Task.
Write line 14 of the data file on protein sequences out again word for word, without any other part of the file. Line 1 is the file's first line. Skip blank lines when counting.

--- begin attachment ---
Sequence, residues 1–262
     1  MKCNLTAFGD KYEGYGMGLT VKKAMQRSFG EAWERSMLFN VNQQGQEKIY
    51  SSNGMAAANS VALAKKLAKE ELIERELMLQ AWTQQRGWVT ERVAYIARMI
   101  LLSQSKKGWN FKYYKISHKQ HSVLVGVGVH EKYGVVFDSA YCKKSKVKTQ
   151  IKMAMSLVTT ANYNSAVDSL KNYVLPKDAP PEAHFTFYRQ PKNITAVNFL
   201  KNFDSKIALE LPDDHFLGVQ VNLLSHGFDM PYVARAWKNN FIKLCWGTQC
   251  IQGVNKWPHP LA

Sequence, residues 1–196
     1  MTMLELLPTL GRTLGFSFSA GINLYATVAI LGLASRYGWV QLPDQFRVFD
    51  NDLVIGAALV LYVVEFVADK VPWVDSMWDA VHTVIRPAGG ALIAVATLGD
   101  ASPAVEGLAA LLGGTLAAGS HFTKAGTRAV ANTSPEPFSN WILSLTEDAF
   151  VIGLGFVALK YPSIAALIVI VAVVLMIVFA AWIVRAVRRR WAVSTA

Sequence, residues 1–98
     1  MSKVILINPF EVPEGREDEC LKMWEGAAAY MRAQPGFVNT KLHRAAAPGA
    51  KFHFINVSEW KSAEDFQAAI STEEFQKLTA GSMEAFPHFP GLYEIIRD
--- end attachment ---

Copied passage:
     1  MSKVILINPF EVPEGREDEC LKMWEGAAAY MRAQPGFVNT KLHRAAAPGA